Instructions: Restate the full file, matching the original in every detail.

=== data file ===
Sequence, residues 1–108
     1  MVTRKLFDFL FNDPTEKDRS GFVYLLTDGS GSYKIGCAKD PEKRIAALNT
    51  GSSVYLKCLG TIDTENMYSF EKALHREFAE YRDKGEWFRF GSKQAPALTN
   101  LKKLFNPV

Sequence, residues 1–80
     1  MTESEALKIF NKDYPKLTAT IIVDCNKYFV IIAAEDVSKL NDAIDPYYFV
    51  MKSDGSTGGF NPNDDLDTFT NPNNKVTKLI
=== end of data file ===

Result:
Sequence, residues 1–108
     1  MVTRKLFDFL FNDPTEKDRS GFVYLLTDGS GSYKIGCAKD PEKRIAALNT
    51  GSSVYLKCLG TIDTENMYSF EKALHREFAE YRDKGEWFRF GSKQAPALTN
   101  LKKLFNPV

Sequence, residues 1–80
     1  MTESEALKIF NKDYPKLTAT IIVDCNKYFV IIAAEDVSKL NDAIDPYYFV
    51  MKSDGSTGGF NPNDDLDTFT NPNNKVTKLI